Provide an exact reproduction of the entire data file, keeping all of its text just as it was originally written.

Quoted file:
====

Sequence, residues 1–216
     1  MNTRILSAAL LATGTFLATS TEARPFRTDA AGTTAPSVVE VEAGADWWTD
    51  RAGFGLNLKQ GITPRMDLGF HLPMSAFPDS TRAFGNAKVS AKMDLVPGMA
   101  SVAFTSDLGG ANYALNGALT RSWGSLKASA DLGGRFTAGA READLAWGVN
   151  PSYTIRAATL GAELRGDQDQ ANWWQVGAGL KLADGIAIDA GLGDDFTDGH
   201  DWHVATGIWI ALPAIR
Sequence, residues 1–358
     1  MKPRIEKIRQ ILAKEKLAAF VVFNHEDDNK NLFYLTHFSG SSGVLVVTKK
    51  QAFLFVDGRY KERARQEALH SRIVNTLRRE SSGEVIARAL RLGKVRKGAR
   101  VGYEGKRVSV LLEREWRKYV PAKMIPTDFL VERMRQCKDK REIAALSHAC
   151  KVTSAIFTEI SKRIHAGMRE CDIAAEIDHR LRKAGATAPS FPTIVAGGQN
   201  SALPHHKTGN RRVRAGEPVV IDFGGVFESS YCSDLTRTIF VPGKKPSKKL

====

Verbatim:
Sequence, residues 1–216
     1  MNTRILSAAL LATGTFLATS TEARPFRTDA AGTTAPSVVE VEAGADWWTD
    51  RAGFGLNLKQ GITPRMDLGF HLPMSAFPDS TRAFGNAKVS AKMDLVPGMA
   101  SVAFTSDLGG ANYALNGALT RSWGSLKASA DLGGRFTAGA READLAWGVN
   151  PSYTIRAATL GAELRGDQDQ ANWWQVGAGL KLADGIAIDA GLGDDFTDGH
   201  DWHVATGIWI ALPAIR
Sequence, residues 1–358
     1  MKPRIEKIRQ ILAKEKLAAF VVFNHEDDNK NLFYLTHFSG SSGVLVVTKK
    51  QAFLFVDGRY KERARQEALH SRIVNTLRRE SSGEVIARAL RLGKVRKGAR
   101  VGYEGKRVSV LLEREWRKYV PAKMIPTDFL VERMRQCKDK REIAALSHAC
   151  KVTSAIFTEI SKRIHAGMRE CDIAAEIDHR LRKAGATAPS FPTIVAGGQN
   201  SALPHHKTGN RRVRAGEPVV IDFGGVFESS YCSDLTRTIF VPGKKPSKKL